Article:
(NASDAQ: YHOO) closed all of its user-created chat rooms due to controversy over sexually explicit channels aimed at minors.
After a Houston, Texas television station KPRC reported on chat room names such as "Girls 13 And Under For Older Guys" and "Girls 13 And Up For Much Older Men" that were aimed at sex with children, the publicly held business Yahoo!
Other internet portals, such as AOL and MSN, also allow users to create their own chat rooms. in that they are subscription based, and only allow access to the rooms if the user is a subscriber to the service. The result is software providers who take a "hands-off" approach grant internet users the ability to add and create content to the World Wide Web that opens the door to contributions that range from great to sometimes objectionable, to out-right illegal, and often enlightening.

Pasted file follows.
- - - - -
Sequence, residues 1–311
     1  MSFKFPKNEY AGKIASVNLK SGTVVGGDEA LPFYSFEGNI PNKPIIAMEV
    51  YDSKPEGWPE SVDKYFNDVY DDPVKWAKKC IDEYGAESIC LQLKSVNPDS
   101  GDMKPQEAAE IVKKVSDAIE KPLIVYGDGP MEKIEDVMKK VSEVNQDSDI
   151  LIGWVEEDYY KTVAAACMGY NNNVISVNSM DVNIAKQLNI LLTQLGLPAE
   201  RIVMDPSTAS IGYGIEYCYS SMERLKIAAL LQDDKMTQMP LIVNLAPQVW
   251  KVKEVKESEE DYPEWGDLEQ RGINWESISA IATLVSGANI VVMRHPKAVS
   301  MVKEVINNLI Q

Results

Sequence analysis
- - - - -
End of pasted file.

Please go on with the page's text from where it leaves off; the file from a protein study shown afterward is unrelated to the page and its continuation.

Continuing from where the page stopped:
MSN in its earliest versions of chat had monitors watch activity on its servers, but it was abandoned. The text of this article has been released into the public domain.
Efforts to monitor chat for any effect appear to be futile. In the event that this is not legally possible, this article may be used for any purpose, without any condition, unless such conditions are required by law. Copyright terms on images, however, may vary, so please check individual image pages prior to duplication.
Geoff Sutton, the European general manager of Microsoft MSN, told Wired News at the time it cut free chat service in 28 countries that, "The straightforward truth of the matter is free, unmediated chat isn't safe." According to a Reuters news story by Duncan Martell, an investigation by the U. Federal Bureau of Investigation that was targeted at Yahoo Groups users resulted in the arrest of more than 100 people in the United States. Please note that this only applies to Wikinews content created prior to September 25, 2005.
All content created after that date is released under a Creative Commons license which is mentioned at the bottom of each article.